According to the constitution, the Roman Catholic church is the national church of Liechtenstein. As such, it enjoys the complete protection of the state. Following a recommendation by the Prince, efforts are currently underway to separate the church and state. However, the relationship between the two is often complex, particularly when it comes to ownership of land and property. A commission has been set up in order to reach a compromise.
As of 20 December 2012, every Liechtenstein citizen aged 14 years and over is free to choose his/her religious belief without the approval of a parent or guardian. In 2010, 79.9% of the population were Roman Catholic, 8.5% were Evangelical and 5.4% were Islamic. Until 1997, Liechtenstein belonged to the diocese of Chur. Following opposition from Christians in this diocese to the bishop Wolfgang Haas from Liechtenstein, the Pope created the archbishopric of Vaduz. Wolfgang Haas became archbishop in Vaduz, with the St Florin parish church in Vaduz being raised to the status of a cathedal church.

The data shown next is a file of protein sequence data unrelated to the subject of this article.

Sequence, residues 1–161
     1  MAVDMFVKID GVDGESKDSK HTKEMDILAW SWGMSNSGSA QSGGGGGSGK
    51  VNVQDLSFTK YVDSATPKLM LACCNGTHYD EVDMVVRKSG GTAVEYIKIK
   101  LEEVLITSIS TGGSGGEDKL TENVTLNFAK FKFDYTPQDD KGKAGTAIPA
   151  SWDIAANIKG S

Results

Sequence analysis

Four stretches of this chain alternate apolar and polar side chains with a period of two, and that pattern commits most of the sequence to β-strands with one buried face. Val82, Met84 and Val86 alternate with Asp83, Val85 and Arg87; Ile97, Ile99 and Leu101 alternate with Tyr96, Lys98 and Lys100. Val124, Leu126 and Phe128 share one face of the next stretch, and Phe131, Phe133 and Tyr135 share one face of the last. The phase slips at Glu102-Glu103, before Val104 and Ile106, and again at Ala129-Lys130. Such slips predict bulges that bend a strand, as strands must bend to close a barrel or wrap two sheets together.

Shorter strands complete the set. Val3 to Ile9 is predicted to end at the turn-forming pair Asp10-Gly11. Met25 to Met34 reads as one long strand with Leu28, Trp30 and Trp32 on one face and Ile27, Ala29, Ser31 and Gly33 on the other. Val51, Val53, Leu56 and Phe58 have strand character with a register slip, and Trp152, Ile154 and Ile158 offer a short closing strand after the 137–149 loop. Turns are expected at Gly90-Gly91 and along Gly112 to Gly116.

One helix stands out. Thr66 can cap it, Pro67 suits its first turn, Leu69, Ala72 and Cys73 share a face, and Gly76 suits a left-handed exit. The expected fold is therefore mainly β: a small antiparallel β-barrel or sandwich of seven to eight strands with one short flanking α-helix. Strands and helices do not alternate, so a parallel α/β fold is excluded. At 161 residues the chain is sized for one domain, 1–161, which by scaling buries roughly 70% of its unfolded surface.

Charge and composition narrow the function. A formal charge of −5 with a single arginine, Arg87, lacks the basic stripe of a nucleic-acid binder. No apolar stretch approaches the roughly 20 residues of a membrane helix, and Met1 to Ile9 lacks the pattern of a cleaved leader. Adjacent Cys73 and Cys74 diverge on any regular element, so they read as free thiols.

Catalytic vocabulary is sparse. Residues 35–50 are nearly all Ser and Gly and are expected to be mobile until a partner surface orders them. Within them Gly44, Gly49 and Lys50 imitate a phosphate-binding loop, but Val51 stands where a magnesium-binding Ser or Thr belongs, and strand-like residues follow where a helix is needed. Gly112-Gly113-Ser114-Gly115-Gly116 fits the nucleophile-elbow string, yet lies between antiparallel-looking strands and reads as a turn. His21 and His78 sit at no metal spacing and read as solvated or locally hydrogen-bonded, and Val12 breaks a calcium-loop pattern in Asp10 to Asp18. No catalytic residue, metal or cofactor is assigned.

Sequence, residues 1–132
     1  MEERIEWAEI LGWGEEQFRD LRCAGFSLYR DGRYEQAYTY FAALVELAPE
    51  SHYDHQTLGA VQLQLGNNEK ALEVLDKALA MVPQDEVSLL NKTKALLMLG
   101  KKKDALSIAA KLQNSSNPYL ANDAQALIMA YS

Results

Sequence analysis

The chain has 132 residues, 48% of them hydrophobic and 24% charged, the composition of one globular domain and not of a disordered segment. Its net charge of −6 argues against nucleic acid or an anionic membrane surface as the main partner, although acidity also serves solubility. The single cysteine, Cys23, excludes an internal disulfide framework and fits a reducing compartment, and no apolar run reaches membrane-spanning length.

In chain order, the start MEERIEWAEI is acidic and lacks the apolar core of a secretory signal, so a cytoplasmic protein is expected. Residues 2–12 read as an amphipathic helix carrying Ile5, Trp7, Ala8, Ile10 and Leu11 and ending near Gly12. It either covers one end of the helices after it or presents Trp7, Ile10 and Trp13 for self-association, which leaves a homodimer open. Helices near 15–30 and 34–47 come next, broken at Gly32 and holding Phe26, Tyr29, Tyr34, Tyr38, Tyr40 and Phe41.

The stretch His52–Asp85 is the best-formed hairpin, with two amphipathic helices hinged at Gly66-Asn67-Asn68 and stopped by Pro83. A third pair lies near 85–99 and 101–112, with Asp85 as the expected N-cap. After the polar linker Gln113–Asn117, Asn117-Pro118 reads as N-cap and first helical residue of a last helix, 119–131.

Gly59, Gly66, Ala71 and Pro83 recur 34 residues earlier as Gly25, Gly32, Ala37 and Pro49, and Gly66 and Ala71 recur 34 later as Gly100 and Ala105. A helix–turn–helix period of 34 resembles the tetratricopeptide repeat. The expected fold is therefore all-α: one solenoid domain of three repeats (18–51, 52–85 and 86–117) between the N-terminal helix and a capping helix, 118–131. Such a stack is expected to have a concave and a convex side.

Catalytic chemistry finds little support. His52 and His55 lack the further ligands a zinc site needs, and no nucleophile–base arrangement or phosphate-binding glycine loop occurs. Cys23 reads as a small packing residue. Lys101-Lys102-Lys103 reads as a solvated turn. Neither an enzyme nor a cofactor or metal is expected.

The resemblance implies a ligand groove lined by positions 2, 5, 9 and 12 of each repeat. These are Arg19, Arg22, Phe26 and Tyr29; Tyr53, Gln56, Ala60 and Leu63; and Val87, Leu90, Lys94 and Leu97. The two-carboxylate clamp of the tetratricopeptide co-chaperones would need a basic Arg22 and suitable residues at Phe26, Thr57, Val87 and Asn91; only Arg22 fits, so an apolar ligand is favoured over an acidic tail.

The Principality is home to two small Protestant churches that are organised as an association. One of these is Evangelical and the other Evangelical Lutheran. The Islamic community does not have an official mosque or an official cemetery in Liechtenstein, though efforts are underway to change this.